Arts and Entertainment

Book review: The Outside Circle


The Outside Circle, by Patti Laboucane-Benson (author) and Kelly Mellings (illustrator) was both an enjoyable and enlightening experience. The story is centered around Pete and his struggle to pull himself from the depths of societal and financial disparity, we see the story supporting the narrative of many more than just Pete. This graphic novel provides context and in doing so, I think the story is critiquing how Indigenous* families have suffered as a result of oppression and imperialism from white colonists. This book could help readers learn a little bit about aboriginal history in Canada and North America in general. This is important because many people are ignorant to the atrocities that took place among these tribes and people as a result of white colonization. It is important to know the history about who originally inhabited these lands and why white presence has shattered their lives over 100s of years, and how those effects are still inadvertently being felt among aboriginal people to this day. A good age range for this book would be probably be 16 or older. I think anyone at any age beyond 16 would be able to enjoy its content, but some of its content may be too heavy or graphic for people under 16.

Taking the time to really look at the images and take in their meaning is an important part of the experience of reading this graphic novel. We are given context, at some point or another, that allows us to understand the circumstances that his family have come from. Although Pete has done bad things in his life, we are given the context to try to understand why he turned out the way he did. As a result we can’t help but sympathize with Pete–-a young man involved in gang activities and even murder–-but we don’t sympathize as much with his original friends from the gang, especially after they target Pete’s younger brother Joey when realizing that Pete no longer wants to live the kind of life that the gang members do.

This graphic novel was different from some of the other ones that I’ve read in the past because it provided more historical context and facts, right in the images and the text. This novel doesn’t have page numbers (at least not in my version) but in one of the first scenes in the book where Joey is taken away from his mother, the image on that page shows her signing him away. If you read the document in the image, it talks about the forced removal of aboriginal children that took place in the 1800s. This is just one among many of the pictures that aided in my understanding of aboriginal history and culture.

The relationships in this novel are very interesting, as we don’t see a lot of interaction between Pete and his mother or girlfriend, but we do see his relationships with his brother, the gang, and people in the program. Masculinity seems to be an overwhelming part of their culture, as we can see in their explanations of what the expectations of the men are in their culture. The “outside circle” are the warriors of the tribe or family; the protectors. The men are held to high standards in the way that they are supposed to care for and protect their loved ones, and they are expected to cherish and treat women with respect. This contrasts greatly with how we see Pete treat his pregnant girlfriend in the beginning of the story, although we do see him try to turn over a new leaf at the end and step up as a man who promises to take care of them financially. Pete’s coming of age story is vastly different from others that I’ve read; for starters, he ends up in prison for murder before he starts to have his revelation. The situation that Pete and his family are in financially is heavily due to the years of oppression and inequity that his ancestors have faced, and unfortunately created sort of a “curse” that was carried on through the generations. Luckily, Pete gets a chance to change his situation and step up as the man of the family in order to break this “curse.”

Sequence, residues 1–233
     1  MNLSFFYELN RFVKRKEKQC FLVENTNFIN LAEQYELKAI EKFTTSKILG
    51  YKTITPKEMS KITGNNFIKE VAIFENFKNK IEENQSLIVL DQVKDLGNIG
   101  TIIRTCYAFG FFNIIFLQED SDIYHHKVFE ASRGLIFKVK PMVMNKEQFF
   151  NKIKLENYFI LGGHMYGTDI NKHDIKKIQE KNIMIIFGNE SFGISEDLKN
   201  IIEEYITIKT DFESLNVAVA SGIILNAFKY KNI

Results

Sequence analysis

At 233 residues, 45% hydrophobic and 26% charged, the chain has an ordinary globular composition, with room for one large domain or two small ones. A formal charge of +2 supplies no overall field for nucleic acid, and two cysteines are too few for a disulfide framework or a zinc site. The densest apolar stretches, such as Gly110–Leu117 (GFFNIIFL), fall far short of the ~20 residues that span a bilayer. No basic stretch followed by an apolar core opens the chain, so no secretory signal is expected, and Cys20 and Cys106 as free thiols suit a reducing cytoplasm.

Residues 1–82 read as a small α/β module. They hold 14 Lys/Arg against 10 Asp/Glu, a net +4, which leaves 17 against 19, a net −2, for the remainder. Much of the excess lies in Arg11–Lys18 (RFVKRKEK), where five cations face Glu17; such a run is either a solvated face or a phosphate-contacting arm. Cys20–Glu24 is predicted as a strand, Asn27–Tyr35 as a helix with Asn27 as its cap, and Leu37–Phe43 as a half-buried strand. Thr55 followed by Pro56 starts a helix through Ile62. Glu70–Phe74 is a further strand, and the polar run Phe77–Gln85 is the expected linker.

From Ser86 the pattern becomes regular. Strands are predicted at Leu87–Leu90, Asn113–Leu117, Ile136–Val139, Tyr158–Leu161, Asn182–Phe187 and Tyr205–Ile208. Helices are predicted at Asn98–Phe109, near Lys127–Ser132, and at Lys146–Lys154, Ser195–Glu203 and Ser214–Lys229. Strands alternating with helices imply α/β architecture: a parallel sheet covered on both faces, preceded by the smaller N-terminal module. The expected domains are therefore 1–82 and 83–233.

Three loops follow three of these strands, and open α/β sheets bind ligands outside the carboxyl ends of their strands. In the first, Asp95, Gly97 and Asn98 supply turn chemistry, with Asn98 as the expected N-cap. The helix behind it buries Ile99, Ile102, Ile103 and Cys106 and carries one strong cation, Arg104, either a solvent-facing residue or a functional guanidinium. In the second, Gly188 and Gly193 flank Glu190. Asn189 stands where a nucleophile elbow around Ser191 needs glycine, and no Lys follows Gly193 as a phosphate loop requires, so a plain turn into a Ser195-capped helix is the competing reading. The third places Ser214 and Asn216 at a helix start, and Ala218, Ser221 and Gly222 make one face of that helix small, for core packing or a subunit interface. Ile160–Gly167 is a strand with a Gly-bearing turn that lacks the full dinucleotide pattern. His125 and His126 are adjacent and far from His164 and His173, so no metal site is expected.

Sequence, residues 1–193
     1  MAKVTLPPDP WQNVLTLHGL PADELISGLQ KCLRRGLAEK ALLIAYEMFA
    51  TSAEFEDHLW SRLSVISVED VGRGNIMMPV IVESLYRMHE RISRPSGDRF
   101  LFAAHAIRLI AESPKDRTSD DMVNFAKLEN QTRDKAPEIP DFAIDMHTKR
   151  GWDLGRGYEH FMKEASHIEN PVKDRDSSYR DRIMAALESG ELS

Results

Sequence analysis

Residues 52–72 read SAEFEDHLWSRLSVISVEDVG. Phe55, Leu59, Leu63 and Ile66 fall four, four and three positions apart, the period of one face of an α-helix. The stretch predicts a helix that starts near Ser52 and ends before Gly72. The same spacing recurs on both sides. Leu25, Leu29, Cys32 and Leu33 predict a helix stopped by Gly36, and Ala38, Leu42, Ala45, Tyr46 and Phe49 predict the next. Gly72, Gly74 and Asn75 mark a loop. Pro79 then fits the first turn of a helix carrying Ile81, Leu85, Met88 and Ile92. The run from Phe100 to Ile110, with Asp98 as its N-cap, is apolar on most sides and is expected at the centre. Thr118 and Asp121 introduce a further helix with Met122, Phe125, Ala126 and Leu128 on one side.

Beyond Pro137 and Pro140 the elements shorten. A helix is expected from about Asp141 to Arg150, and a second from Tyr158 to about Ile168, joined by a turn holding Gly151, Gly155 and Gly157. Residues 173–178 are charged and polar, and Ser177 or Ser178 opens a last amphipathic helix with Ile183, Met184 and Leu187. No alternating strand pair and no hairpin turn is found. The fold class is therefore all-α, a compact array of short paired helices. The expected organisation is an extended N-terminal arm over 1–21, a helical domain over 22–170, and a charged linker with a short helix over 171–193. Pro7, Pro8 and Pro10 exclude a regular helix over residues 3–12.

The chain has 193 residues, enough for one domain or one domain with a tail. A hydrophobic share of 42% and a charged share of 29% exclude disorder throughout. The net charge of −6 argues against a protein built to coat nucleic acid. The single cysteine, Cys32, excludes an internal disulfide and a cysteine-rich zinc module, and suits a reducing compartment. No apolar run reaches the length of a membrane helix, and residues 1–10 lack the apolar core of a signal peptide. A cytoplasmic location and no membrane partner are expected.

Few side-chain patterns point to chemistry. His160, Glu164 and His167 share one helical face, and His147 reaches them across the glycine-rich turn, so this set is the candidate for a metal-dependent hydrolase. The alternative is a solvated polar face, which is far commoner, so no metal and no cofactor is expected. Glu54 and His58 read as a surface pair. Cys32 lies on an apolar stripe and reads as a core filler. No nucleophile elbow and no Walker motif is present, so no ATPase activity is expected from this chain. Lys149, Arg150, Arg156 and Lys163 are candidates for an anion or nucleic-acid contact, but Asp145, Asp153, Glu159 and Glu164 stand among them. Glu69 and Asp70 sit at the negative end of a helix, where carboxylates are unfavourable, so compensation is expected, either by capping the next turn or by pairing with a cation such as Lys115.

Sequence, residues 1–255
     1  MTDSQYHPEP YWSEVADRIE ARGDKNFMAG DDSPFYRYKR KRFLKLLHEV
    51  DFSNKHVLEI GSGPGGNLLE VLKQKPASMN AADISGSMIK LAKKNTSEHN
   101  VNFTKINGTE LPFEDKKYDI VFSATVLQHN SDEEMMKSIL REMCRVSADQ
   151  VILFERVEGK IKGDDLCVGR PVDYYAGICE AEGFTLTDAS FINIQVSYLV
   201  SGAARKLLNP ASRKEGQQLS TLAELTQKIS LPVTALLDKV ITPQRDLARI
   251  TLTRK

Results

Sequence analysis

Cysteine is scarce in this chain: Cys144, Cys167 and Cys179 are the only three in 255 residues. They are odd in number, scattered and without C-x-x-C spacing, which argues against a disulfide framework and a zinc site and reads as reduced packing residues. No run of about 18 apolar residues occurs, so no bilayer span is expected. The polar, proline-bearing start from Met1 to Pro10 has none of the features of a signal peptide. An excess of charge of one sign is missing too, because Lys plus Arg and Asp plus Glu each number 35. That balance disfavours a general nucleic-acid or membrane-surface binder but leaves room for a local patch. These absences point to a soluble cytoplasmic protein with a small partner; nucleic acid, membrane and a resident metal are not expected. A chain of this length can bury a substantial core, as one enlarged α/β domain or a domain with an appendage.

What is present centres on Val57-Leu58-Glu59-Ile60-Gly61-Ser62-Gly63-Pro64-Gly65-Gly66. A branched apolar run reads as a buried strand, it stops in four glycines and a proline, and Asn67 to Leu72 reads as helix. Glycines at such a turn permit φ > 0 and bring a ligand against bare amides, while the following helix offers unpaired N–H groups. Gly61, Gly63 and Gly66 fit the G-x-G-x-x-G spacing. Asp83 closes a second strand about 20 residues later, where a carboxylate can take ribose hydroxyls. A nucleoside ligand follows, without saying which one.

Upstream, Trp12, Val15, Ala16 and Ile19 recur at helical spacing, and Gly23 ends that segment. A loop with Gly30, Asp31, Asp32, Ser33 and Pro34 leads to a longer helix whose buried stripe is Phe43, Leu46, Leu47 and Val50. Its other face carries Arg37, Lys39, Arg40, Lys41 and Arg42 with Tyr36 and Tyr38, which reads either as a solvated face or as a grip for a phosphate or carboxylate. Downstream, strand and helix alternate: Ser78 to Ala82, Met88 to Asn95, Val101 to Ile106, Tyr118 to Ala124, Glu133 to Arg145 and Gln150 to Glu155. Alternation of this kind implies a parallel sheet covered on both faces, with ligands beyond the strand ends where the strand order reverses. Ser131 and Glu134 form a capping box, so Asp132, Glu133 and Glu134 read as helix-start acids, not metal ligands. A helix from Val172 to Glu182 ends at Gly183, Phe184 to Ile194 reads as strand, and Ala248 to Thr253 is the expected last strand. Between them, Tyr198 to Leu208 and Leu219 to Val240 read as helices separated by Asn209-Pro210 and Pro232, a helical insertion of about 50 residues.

When I first began reading, I immediately noticed the masks that would sometimes show up on some of the characters. I figured they had to be symbolic of something, but I couldn’t quite figure out what. Towards the end of the story, I think we are given somewhat of an explanation. Pete is using his rage, anger, hate as a “mask” to deal with the world. But this mask is keeping him from existing at his full potential. Pete and many of the aboriginal men in his program have used these masks in order to “survive.” But in order to do so, they have inadvertently hurt others. In his meetings where they “smudge” and have scared fires, Pete eventually is able to break free from this mask and its chains–the chains that keep him from being the best man that he can be for both himself and for his family. (Again, no page numbers, but this text/image panels are near the middle-end of the book)

Understanding why aboriginal men are imprisoned at a disparate rate compared to others is another challenging idea in this book because it requires background knowledge about what led them to live in these unfortunate circumstances, and about how this has led to inequity in their lives.

I think that anyone can enjoy this book, but it may resonate well with minority populations and those who have suffered systematic oppression. It’s also a great read for people who want to learn more about aboriginal history because the story provides historical context along with an engaging narrative. The images are used artfully and intentionally to educate the reader with facts and other historical context while adding quality content to the book.

*At the time of this writing, this term is widely recommended in this context.

By Kara Warner, Activist writer

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